The Xbox One - Mini Review & Comparison to Xbox 360/PS4by Anand Lal Shimpi on November 20, 2013 8:00 AM EST
Image Quality - Xbox One vs. PlayStation 4
This is the big one. We’ve already established that the PS4 has more GPU performance under the hood, but how does that delta manifest in games? My guess is we’re going to see two different situations. The first being what we have here today. For the most part I haven’t noticed huge differences in frame rate between Xbox One and PS4 versions of the same game, but I have noticed appreciable differences in resolution/AA. This could very well be the One’s ROP limitations coming into play. Quality per pixel seems roughly equivalent across consoles, the PS4 just has an easier time delivering more of those pixels.
The second situation could be one where an eager developer puts the PS4’s hardware to use and creates a game that doesn’t scale (exclusively) in resolution, but also in other aspects of image quality as well. My guess is the types of titles to fall into this second category will end up being PS4 exclusives (e.g. Uncharted 4) rather than something that’s cross-platform. There’s little motivation for a cross-platform developer to spend a substantial amount of time in optimizing for one console.
Call of Duty: Ghosts
Let’s start out with Call of Duty: Ghosts. Here I’m going to focus on two scenes: what we’ve been calling internally Let the Dog Drive, and the aliasing test. Once again I wasn’t able to completely normalize black levels across both consoles in Ghosts for some reason.
In motion both consoles look pretty good. You really start to see the PS4’s resolution/AA advantages at the very end of the sequence though (PS4 image sample, Xbox One image sample). The difference between these two obviously isn’t as great as from the 360 to Xbox One, but there is a definite resolution advantage to the PS4. It’s even more obvious if you look at our aliasing test:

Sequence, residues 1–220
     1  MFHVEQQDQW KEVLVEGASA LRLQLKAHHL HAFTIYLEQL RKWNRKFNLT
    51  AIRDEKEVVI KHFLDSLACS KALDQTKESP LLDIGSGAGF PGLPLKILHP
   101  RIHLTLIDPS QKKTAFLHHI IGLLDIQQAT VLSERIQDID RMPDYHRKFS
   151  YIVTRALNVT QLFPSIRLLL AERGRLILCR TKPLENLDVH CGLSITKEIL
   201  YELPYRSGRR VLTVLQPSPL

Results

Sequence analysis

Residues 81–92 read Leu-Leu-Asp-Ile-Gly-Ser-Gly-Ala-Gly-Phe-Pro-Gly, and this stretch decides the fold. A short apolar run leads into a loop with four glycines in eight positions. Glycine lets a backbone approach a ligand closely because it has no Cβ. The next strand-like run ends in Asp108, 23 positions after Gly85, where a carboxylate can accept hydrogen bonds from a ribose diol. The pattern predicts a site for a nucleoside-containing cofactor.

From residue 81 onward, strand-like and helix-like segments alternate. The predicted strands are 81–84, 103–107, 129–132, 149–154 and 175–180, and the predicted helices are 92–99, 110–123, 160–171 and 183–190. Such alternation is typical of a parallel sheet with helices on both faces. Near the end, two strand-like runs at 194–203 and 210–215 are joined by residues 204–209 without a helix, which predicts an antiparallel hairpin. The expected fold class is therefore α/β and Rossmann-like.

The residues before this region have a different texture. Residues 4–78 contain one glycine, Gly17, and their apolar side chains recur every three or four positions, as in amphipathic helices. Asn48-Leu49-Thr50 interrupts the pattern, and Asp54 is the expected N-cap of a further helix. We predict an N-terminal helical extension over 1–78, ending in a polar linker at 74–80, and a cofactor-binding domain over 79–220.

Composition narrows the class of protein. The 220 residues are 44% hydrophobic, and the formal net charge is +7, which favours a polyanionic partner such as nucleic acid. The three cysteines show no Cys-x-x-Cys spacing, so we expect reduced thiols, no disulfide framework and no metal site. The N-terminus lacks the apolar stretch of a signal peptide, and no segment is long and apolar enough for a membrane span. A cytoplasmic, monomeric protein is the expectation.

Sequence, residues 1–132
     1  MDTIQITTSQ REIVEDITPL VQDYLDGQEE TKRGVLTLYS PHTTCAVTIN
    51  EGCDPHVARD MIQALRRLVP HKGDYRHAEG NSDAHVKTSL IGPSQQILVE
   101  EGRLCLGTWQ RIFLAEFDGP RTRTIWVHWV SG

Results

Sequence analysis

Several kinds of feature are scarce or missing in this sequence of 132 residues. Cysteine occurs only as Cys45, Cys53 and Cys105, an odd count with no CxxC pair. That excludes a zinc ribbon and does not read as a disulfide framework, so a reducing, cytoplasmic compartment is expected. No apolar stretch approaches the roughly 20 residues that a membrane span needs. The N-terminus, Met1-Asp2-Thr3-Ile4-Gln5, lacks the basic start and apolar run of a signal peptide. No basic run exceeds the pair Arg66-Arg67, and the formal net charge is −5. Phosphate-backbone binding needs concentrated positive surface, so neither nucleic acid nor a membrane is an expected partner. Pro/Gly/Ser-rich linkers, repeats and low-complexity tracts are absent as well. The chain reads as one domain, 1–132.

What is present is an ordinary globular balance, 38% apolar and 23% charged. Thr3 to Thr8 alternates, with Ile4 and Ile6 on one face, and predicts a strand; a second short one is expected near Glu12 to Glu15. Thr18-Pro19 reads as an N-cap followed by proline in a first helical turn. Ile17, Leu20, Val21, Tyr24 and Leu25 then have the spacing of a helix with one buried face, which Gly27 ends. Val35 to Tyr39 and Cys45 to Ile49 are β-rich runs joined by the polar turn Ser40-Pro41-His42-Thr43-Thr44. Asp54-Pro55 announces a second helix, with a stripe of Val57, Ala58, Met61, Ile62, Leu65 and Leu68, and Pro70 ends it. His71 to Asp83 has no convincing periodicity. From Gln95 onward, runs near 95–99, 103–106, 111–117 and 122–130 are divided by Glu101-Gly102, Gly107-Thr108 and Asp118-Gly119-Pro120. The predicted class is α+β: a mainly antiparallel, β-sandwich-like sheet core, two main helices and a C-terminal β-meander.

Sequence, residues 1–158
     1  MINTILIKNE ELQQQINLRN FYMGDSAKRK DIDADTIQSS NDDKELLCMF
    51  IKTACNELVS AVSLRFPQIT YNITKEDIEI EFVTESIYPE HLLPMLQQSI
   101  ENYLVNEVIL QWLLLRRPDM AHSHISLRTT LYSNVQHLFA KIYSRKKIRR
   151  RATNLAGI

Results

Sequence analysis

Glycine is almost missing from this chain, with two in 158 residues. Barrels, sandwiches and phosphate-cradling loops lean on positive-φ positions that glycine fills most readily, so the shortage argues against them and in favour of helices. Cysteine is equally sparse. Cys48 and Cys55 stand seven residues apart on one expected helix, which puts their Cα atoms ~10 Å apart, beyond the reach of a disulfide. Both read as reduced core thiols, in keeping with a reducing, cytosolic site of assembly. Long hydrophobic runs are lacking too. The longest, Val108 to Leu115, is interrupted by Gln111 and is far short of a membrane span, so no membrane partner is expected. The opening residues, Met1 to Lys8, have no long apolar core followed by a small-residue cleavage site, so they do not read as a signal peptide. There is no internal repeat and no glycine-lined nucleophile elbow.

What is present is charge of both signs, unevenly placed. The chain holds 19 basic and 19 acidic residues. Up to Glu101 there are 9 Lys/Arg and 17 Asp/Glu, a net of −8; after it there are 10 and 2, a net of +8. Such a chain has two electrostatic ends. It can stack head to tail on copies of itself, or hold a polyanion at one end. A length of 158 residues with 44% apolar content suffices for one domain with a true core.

Image quality otherwise looks comparable between the two consoles.
NBA 2K14 is one cross platform title where I swear I could sense slight frame rate differences between the two consoles (during high quality replays) but it’s not something I managed to capture on video. Once again we find ourselves in a situation where there is a difference in resolution and/or AA levels between the Xbox One and PS4 versions of the game.
Both versions look great. I’m not sure how much of this is the next-gen consoles since the last time I played an NBA 2K game was back when I was in college, but man have console basketball games significantly improved in their realism over the past decade. On a side note, NBA 2K14 does seem to make good use of the impulse triggers on the Xbox One’s controller.
I grabbed a couple of scenes from early on in Battlefield 4. Once again the differences here are almost entirely limited to the amount of aliasing in the scene as far as I can tell. The Xbox One version is definitely more distracting. In practice I notice the difference in resolution, but it’s never enough to force me to pick one platform over another. I’m personally more comfortable with the Xbox One’s controller than the PS4’s, which makes for an interesting set of tradeoffs.